The capacity for human rights values can be seen in non-Western civilisations even in prehistoric times. After the successful conquest of Babylon in 539 BCE, the emperor of the Iranian dynastic empire released a proclamation containing values within it that foreshadow the fundamental principles of contemporary day human rights. The values professed by Cyrus the Great embraced that of peace, freedom of religion, protection of civilians and of property. Cyrus’ stance towards these values goes beyond mere tolerance as he declares that he ‘took great care to peacefully protect the city of Babylon and its cult places’. To further this, he reversed the actions of the ruler before him whom he believed had held the citizens of Babylon ‘subservient in a manner totally unsuited to them’ by ‘loosening their burden’ once Babylon was under his rule. Cyrus’ all-encompassing approach to the freedom of practice in religion illustrates support for equality and a premature form of human rights law which aims to free people from discrimination on the grounds of religion. When placed into the context of his time, Cyrus’ stance is seen to be even more remarkable in an era of conquest where emperors would showcase their might through the use of force, destruction and coercion. Twenty-five centuries post Cyrus’ declaration, the Universal Declaration of Human Rights was released, enshrining the concept that every man and woman had ‘the right to manifest his religion or belief in teaching, practice, worship and observance’ as propelled in Cyrus’ proclamation, demonstrating how the values professed by the Iranian emperor in human relations transcended time and relativity.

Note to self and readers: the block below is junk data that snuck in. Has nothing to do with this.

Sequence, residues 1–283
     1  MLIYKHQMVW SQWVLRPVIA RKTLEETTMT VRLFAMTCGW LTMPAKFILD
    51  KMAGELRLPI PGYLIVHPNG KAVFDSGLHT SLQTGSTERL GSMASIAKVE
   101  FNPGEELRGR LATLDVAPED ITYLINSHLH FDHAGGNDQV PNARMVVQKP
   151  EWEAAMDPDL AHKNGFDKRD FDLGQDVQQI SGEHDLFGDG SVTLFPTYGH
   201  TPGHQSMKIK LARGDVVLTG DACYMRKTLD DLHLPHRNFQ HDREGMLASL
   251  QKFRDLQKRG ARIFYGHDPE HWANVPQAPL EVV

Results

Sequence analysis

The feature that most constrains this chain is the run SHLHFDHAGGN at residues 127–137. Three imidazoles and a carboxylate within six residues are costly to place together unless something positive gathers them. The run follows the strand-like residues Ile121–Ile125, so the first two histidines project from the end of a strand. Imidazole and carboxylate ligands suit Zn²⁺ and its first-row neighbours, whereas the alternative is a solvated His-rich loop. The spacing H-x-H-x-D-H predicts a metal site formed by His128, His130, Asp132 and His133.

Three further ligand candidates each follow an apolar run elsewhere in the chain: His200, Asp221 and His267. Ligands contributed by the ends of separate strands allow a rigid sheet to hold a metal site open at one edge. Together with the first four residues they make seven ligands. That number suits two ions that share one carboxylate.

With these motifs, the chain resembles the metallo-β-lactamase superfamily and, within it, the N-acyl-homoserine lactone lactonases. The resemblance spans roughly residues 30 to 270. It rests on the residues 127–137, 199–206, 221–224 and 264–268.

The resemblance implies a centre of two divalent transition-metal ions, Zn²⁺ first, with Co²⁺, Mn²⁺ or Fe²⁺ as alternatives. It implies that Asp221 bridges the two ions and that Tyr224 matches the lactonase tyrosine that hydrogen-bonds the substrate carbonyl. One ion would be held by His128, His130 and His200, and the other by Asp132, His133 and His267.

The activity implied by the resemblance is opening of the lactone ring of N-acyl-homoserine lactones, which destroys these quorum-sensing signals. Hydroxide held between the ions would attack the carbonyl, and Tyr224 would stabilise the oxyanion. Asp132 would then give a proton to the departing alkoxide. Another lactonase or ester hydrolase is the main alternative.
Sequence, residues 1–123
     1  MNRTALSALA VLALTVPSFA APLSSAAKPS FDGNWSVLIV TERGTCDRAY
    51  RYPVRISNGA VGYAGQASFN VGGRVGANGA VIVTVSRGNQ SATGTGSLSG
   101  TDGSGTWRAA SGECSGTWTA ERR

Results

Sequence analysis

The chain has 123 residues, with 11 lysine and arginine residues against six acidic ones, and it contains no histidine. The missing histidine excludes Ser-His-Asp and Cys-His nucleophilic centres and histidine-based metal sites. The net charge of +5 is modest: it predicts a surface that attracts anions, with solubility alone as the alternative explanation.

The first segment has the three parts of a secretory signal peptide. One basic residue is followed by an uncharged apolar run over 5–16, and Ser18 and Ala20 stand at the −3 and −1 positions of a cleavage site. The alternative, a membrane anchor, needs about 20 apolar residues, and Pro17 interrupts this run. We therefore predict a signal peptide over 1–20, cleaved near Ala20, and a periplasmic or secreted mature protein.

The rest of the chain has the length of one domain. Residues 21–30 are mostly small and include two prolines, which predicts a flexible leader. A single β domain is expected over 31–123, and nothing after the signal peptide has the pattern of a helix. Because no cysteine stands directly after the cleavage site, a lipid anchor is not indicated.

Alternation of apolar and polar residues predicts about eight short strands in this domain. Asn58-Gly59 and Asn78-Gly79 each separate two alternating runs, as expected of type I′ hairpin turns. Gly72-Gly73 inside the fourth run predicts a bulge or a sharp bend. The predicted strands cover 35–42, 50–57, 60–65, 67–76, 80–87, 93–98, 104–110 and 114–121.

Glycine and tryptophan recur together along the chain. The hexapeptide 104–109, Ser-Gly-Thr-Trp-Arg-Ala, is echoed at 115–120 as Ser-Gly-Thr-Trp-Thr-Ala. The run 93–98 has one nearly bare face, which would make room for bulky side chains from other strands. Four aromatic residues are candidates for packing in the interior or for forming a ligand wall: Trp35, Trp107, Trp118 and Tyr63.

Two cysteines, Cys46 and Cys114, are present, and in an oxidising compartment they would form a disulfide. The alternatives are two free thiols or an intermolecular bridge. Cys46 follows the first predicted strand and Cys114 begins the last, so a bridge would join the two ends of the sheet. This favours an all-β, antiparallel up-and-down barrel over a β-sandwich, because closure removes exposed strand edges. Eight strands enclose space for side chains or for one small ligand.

In conclusion, the ideals of human dignity exist universally; both in its origins and in its ethical connotations. However, universalism as a concept is lacking of recognition for the origins of these shared humanitarian values rooted in all cultures. Their belief, in the exceptionalism of human rights to the western civilisation, could be perceived as demeaning the capacity of human rights within other cultures. Some universalists are also limited in their lack of flexibility on certain social issues, in regards to second-rate nuances. Cultural adaptability should be taken to account and not rigidly dismissed according to the values of the West whereby universalists presume that all values in human beings from varying cultures should be that of an identical nature. On the other hand, cultural relativists take their position too far by providing oppressive states with the moral justification for not enforcing human rights and could thus be potentially putting the nature of human rights protections in danger. The core codes of human rights are indispensable entitlements owed to human beings by virtue of them being human, and are not culture specific.
By Fatima Khoei